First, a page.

Assassin’s Creed (2017 film)

Okay, so I don’t know what went wrong here, this movie had so much promise. We’d been waiting for years, they finally confirmed it ages ago, then this year they told us who would be in the movie… and then the movie came out.

And it is horrible.

I’m going to start with the story.

So it seems that the producers and scriptwriters were just like “well everyone who knows the games knows the story inside and out; as good as the story is, we should totally screw that over and go with something that probably won’t work”. I don’t see how they thought that would work. Now don’t get me wrong, I’m all for originality in Hollywood, but people wanted Altair or Ezio, not a lore-breaking story.

I’d just like to warn you, there are a couple of spoilers ahead, nothing too big and pertinent to the plot, but points that should nonetheless be discussed.

At one point in the movie, we hear “All the other bloodlines have died out”. This instantly means that there are no Assassins left, that there are none who are related to previous Assassins to access their memories through an Animus. If this is canon to the games, then we have a problem, because that basically means no more Assassin’s Creed games with parts of the story set in the modern day. Now that doesn’t seem to be much of a problem, with the last few games completely ignoring the life of whoever is stuck in the animus, but it was those parts of the story that made the science of it all intriguing for some, making the magic of the Pieces of Eden (and the Apple of Eden) just that much more amazing to really think about.

The next issue is the animus itself. They completely redesigned it. Gone are the days of someone lying on a bed hooked up to a computer; now the user finds themselves moving along with their ancestor, physically reliving the memory as if the event were still taking place, a mechanical arm which the user is attached to accounts for upward and downward movement. Holograms allowing others in the room to see whatever is surrounding the user in their memory. This doesn’t really destroy the canon but it does expand upon it.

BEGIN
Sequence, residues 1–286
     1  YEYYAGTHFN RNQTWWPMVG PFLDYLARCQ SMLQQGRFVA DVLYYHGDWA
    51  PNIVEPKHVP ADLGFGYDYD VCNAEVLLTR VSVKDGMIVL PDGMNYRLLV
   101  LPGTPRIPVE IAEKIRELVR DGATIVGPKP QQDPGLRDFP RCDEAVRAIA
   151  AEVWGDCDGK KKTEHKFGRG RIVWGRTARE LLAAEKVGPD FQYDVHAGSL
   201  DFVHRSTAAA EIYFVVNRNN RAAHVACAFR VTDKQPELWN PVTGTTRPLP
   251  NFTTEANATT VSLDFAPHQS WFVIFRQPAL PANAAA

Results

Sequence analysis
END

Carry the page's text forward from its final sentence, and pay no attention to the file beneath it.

Now for the actual movie review.

The combat was amazing, it was all an Assassin’s Creed fan could have asked for. The acting wasn’t too bad (could have been a lot worse) and the accents were a little all over the place; although I’ll cut Fassbender some slack on that one, a German man playing an American and a Spaniard; it certainly sounds like he practised his Spanish though. The soundtrack was far from amazing; normally I don’t mention the soundtrack in my reviews but this time I had to, seeing as the soundtrack of each AC game is part of what makes them so good.

Then there is the issue of all the in-animus scenes being in Spanish. What the hell? Justin Kurzel, you realise that the animus automatically translates languages so that the user can understand, right? Or did no one on the production team do their research? Thank goodness for subtitles.

And what was with the Apple of Eden? That thing is supposed to glow, in the movie, the only time we see it actually glow is when Alan Rikkin (played by Jeremy Irons) activates it; pretty sure it is supposed to glow all the time.

Now for the biggest problem of all…

This movie felt short, despite the runtime of two hours and twenty minutes. The ending was abrupt and unexpected, I honestly felt like I’d only been in the theatre for half an hour when the end credits rolled. So if you’re looking to lose time, this movie is the way to do it.

And I’m certainly not the only one to feel disappointed. I struck up a conversation with two guys who had watched the movie at the same showing as I and asked them what they thought. One of them was clearly a fan of the games, and he said he felt the movie could have achieved so much more; the other said he’d never played the games before but that he definitely wanted his money back.

At the end of the day, this film has only three redeeming qualities: the combat choreography, Michael Fassbender and Jeremy Irons.

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